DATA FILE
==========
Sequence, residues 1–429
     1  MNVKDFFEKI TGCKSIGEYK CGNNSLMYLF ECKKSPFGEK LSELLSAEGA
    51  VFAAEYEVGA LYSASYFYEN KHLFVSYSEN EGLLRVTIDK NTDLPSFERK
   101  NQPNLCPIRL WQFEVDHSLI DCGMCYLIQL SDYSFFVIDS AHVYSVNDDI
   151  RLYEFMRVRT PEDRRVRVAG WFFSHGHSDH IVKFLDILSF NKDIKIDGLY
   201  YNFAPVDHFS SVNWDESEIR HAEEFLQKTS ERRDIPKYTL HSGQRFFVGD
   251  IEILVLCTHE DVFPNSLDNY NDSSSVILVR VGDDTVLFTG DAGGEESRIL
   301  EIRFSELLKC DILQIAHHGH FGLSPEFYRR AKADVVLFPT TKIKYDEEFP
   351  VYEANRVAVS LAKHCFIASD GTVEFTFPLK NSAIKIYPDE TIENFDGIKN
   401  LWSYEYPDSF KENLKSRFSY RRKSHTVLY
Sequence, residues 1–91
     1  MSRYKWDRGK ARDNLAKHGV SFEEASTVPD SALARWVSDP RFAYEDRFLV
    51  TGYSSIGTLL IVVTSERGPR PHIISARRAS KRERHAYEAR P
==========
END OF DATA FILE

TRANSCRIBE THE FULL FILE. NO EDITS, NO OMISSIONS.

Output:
Sequence, residues 1–429
     1  MNVKDFFEKI TGCKSIGEYK CGNNSLMYLF ECKKSPFGEK LSELLSAEGA
    51  VFAAEYEVGA LYSASYFYEN KHLFVSYSEN EGLLRVTIDK NTDLPSFERK
   101  NQPNLCPIRL WQFEVDHSLI DCGMCYLIQL SDYSFFVIDS AHVYSVNDDI
   151  RLYEFMRVRT PEDRRVRVAG WFFSHGHSDH IVKFLDILSF NKDIKIDGLY
   201  YNFAPVDHFS SVNWDESEIR HAEEFLQKTS ERRDIPKYTL HSGQRFFVGD
   251  IEILVLCTHE DVFPNSLDNY NDSSSVILVR VGDDTVLFTG DAGGEESRIL
   301  EIRFSELLKC DILQIAHHGH FGLSPEFYRR AKADVVLFPT TKIKYDEEFP
   351  VYEANRVAVS LAKHCFIASD GTVEFTFPLK NSAIKIYPDE TIENFDGIKN
   401  LWSYEYPDSF KENLKSRFSY RRKSHTVLY
Sequence, residues 1–91
     1  MSRYKWDRGK ARDNLAKHGV SFEEASTVPD SALARWVSDP RFAYEDRFLV
    51  TGYSSIGTLL IVVTSERGPR PHIISARRAS KRERHAYEAR P